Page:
Philosophical commentary on contemporary political issues in the tradition of Charles Taylor, Alasdair MacIntyre, and Michael Sandel.

Monday, August 6, 2012

Cathy's Comments Overshadow Chic-Fil-A's Progressive Fundamentals

This past weekend was a firestorm in the culture wars. On Thursday, thousands of conservatives and free speech advocates lined up at Chic-Fil-A locations across the country to show their support for the words of President Dan Cathy in opposition to gay marriage. Friday, homosexual couples across America staged a kiss-in protest in opposition to Cathy's remarks. The statement on a small, Christian radio station by Cathy has blown up into a multiple-week saga that has put fast food at the center of one of the most divisive debates in America today.

In response to this debate, I have two comments to offer.

First, I have heard from many the lamentation that food has to be politicized. From most, I hear the simple statement "I want to be able to eat a chicken sandwich without having to worry about the political statement it makes."

While there is something to be said about our lunchtimes being a time for rest, a time for us to put aside worry of judgment and good decision-making for a treat and a break in the middle of a stressful day, eating is not that simple. Philosophers have been writing about this for a good forty years now, but it is also a fact that is becoming more prevalent in mainstream America as well. With every dollar you spend, you contribute to allowing the world to be a certain way. 

Anyone who has done the smallest amount of research (say, trying to go to a location on Sunday) about Chic-Fil-A would know that the company is one that is based on Christian values. Now there is no evidence to lead us to suggest that the company discriminates in employment, service, or otherwise towards homosexuals, but to be surprised when one learns that the President does not favor marriage equality is a strange mistake. The current outcry against and for Chic-Fil-A is not really because of a change in the company, but rather a hype that has exposed something that was already there. The question is whether people will be willing to consume consciously when the choice doesn't involve a trendy cause like Chic-Fil-A is now.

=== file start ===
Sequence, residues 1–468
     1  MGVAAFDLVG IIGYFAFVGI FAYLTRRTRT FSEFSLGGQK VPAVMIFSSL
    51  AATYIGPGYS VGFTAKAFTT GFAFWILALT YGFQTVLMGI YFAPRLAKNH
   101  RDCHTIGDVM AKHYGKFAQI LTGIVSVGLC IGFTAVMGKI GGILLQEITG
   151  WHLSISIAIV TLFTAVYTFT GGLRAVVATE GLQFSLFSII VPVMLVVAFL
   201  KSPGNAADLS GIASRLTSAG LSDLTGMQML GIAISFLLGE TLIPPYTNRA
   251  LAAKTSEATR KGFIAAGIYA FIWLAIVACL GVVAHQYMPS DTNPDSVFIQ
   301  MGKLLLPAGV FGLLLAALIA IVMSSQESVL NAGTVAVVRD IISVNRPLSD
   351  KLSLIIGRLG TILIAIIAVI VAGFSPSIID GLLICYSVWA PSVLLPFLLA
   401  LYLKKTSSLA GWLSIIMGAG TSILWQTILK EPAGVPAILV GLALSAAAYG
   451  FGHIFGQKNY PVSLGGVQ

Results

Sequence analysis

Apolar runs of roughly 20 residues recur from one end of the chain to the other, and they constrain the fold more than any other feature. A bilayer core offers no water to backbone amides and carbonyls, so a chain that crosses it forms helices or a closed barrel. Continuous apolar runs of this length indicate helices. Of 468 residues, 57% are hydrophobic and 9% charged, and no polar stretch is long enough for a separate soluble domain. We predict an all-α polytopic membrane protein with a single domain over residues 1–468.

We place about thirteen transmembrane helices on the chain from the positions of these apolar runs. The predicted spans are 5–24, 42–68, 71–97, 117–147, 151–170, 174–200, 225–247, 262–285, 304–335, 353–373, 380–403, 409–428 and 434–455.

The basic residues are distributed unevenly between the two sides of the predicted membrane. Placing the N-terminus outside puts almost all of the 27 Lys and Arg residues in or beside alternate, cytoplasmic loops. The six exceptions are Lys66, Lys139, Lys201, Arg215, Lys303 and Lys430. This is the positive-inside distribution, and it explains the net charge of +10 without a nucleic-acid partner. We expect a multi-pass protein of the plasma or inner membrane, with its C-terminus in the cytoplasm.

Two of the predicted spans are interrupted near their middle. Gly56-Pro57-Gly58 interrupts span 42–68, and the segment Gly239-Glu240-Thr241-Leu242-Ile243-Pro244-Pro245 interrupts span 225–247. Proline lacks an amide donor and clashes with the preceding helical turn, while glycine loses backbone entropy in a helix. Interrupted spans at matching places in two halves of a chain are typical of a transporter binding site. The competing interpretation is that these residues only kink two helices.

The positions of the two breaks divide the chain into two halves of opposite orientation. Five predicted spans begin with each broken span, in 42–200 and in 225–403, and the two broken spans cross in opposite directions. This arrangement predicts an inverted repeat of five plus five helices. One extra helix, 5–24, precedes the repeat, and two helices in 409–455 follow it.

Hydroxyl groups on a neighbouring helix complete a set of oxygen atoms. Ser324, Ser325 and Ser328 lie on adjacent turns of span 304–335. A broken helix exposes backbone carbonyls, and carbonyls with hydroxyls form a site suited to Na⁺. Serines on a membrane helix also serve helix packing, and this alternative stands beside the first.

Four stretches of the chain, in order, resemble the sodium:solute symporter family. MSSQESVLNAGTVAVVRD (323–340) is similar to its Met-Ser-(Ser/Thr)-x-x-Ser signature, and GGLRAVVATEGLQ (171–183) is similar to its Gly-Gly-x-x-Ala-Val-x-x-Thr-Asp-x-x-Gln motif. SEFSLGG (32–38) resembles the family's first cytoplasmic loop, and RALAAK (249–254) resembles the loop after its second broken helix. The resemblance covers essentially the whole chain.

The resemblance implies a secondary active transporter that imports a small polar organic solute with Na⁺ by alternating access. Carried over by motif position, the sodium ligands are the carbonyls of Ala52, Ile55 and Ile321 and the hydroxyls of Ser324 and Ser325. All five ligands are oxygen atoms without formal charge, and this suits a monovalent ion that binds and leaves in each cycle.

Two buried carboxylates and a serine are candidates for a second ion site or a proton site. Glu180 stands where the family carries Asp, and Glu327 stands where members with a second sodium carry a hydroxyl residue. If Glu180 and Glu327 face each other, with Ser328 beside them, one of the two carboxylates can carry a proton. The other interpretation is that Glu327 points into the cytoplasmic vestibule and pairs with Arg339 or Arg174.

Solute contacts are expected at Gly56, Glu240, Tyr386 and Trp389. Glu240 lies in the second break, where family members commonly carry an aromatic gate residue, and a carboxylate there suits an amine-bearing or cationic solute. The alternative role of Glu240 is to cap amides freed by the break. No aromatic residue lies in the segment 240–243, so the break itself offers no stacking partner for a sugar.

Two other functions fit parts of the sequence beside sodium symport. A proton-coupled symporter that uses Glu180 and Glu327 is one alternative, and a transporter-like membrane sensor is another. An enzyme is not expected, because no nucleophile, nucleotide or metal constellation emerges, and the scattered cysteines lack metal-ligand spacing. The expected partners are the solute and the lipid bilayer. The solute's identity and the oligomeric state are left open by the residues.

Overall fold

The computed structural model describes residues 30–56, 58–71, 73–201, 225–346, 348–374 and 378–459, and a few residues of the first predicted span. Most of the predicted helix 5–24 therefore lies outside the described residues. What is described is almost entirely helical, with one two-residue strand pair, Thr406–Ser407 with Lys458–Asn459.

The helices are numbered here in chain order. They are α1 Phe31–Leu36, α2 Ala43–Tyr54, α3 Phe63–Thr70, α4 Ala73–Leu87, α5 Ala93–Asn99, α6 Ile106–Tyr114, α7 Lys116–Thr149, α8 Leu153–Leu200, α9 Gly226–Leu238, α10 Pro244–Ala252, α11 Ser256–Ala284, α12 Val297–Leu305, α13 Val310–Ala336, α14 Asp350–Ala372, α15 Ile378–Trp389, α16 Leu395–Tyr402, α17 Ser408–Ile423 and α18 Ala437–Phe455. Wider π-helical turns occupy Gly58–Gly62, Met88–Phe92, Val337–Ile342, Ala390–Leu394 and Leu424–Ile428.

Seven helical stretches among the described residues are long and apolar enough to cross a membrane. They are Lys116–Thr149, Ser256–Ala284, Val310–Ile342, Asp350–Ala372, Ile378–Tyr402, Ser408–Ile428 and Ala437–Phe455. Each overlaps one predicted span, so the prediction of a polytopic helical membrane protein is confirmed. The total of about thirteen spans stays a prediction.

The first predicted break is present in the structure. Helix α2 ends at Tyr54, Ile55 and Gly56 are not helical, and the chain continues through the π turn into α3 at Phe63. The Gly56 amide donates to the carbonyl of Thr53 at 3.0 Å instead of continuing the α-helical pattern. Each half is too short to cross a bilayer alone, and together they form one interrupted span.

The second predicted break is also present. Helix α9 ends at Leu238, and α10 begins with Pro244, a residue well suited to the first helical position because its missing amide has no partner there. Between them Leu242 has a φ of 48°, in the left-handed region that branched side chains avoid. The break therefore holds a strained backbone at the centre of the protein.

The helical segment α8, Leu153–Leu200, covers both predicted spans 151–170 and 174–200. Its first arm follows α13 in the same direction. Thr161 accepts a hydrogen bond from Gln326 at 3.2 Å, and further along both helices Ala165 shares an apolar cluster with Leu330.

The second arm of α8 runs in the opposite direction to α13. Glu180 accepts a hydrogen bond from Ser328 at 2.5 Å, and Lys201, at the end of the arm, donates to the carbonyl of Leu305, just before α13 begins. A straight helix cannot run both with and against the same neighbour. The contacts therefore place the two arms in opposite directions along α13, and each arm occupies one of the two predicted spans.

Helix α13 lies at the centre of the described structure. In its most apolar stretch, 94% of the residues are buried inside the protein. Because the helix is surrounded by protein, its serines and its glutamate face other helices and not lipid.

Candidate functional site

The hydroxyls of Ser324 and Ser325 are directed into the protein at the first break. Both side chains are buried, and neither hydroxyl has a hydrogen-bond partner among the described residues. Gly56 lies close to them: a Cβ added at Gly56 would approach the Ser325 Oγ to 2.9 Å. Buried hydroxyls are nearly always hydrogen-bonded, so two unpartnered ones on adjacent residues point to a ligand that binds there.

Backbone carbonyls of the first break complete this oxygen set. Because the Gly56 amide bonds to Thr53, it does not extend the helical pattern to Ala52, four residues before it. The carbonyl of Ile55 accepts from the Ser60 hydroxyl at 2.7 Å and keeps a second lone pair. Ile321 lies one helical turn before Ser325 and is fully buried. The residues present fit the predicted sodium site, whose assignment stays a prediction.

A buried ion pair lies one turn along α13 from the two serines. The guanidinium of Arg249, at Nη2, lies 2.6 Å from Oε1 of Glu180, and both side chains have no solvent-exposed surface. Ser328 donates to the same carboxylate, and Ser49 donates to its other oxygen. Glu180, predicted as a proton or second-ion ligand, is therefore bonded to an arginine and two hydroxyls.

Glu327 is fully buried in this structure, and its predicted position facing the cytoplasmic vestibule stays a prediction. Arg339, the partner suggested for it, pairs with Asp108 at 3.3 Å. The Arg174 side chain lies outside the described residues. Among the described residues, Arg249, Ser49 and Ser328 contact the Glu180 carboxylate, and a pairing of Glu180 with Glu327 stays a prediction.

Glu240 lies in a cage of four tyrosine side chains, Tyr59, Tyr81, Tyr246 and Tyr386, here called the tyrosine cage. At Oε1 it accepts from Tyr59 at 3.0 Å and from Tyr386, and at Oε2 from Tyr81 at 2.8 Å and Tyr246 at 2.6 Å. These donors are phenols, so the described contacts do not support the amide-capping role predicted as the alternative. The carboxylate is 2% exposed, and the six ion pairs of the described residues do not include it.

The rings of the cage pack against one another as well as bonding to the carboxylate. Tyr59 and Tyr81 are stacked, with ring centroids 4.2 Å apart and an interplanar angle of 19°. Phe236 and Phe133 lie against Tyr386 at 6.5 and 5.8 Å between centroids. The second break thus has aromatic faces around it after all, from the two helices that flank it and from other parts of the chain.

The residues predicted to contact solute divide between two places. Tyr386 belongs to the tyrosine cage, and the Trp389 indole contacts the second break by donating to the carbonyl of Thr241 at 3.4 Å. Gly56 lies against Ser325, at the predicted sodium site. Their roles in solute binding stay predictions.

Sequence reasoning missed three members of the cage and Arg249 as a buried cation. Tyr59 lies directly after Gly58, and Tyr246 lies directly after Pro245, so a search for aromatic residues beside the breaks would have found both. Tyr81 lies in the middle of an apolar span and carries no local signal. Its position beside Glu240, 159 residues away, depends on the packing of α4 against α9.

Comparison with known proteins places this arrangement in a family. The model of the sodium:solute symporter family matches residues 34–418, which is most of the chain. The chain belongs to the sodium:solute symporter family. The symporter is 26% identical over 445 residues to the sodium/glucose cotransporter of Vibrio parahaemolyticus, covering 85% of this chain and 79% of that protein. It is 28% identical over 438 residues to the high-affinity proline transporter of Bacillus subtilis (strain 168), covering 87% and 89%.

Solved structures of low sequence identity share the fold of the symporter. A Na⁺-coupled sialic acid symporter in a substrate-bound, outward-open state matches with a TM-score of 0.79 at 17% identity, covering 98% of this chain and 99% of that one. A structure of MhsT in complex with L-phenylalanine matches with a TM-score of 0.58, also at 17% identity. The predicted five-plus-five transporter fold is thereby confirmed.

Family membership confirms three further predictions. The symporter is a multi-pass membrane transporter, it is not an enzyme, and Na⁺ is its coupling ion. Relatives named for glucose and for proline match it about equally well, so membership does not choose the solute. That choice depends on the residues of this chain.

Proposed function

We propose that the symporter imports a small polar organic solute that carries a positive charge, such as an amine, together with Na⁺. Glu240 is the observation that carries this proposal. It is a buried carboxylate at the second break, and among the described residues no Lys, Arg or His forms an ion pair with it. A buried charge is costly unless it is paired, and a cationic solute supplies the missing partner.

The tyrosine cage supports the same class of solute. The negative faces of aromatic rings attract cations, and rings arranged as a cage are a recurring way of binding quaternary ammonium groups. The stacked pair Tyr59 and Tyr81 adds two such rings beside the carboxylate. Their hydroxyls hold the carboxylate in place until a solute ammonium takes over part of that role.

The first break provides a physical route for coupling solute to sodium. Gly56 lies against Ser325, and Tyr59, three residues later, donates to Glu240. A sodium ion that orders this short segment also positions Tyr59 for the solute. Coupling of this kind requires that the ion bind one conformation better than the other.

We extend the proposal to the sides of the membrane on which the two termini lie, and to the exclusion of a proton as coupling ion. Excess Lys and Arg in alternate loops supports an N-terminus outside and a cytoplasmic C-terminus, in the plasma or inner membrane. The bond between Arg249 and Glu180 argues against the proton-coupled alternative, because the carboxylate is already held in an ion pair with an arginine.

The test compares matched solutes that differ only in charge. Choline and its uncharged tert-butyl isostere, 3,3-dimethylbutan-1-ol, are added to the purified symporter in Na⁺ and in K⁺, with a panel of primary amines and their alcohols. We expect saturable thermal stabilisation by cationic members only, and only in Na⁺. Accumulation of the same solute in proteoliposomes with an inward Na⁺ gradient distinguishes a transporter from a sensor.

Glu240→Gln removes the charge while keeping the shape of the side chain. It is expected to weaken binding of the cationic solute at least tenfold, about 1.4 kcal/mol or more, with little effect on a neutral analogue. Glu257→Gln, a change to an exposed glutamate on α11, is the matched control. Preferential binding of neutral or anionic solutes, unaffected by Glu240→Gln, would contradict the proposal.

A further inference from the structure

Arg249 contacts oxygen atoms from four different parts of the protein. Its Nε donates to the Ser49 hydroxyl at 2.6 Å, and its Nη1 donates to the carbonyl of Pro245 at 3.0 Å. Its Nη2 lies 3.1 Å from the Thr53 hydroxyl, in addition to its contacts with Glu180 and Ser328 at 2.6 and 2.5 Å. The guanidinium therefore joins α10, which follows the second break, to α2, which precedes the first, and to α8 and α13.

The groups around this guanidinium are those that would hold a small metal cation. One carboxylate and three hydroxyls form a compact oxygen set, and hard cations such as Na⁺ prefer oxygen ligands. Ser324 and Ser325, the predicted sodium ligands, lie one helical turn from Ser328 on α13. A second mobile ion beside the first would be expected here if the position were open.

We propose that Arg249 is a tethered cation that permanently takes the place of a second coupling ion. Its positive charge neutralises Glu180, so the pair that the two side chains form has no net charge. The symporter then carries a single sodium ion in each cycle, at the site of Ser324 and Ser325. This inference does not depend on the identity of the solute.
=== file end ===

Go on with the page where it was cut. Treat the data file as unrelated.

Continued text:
Second, and more disappointing, is how the Chic-Fil-A controversy has overshadowed an important and underappreciated fact: Chic-Fil-A is a model for fast food in America.

What other company provides benefits for its employees (including one day of the week off for the entire company), top-notch customer service built on compassion and empathy, and a product that beats out all of its fast-food competitors? While Cathy is bravely standing by a position he believes in, he is painting Chic-Fil-A as a heartless, backwards company when really it has one of the most progressive organizational cultures of any company in the country.

In a way, Chic-Fil-A is a victim of its own success. The company is built off a Christian message of compassion and community. It could never have built the incredible organizational culture it has without this underlying philosophy. When talking about human rights, Charles Taylor argues that it is not terribly important why different countries believe in human rights as long as they come to the same conclusion. One may not want to adopt the pretenses of Christianity but may still praise Chic-Fil-A for eschewing the profit motive for something greater: treating its employees and customers with dignity and providing them a superior product and dining experience.

But from this philosophy, Cathy has also felt that he had to come forth against marriage equality. And thus Chic-Fil-A, a progressive company in the most literal sense of the word, has become tainted as the lunchtime snack of the reactionary right.

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